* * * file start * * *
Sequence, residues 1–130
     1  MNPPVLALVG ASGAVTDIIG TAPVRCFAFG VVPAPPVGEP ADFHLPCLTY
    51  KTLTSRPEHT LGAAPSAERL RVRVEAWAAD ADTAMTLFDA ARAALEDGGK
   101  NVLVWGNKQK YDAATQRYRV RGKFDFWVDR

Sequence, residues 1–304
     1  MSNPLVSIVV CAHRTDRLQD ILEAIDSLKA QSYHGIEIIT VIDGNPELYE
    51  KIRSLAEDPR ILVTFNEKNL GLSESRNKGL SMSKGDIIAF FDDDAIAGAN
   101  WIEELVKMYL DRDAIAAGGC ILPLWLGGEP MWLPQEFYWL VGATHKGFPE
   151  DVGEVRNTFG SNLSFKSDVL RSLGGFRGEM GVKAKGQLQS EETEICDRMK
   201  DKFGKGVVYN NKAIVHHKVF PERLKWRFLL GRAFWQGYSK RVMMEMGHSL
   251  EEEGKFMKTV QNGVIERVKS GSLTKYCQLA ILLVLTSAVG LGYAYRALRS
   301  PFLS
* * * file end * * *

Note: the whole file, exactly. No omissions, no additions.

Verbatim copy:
Sequence, residues 1–130
     1  MNPPVLALVG ASGAVTDIIG TAPVRCFAFG VVPAPPVGEP ADFHLPCLTY
    51  KTLTSRPEHT LGAAPSAERL RVRVEAWAAD ADTAMTLFDA ARAALEDGGK
   101  NVLVWGNKQK YDAATQRYRV RGKFDFWVDR

Sequence, residues 1–304
     1  MSNPLVSIVV CAHRTDRLQD ILEAIDSLKA QSYHGIEIIT VIDGNPELYE
    51  KIRSLAEDPR ILVTFNEKNL GLSESRNKGL SMSKGDIIAF FDDDAIAGAN
   101  WIEELVKMYL DRDAIAAGGC ILPLWLGGEP MWLPQEFYWL VGATHKGFPE
   151  DVGEVRNTFG SNLSFKSDVL RSLGGFRGEM GVKAKGQLQS EETEICDRMK
   201  DKFGKGVVYN NKAIVHHKVF PERLKWRFLL GRAFWQGYSK RVMMEMGHSL
   251  EEEGKFMKTV QNGVIERVKS GSLTKYCQLA ILLVLTSAVG LGYAYRALRS
   301  PFLS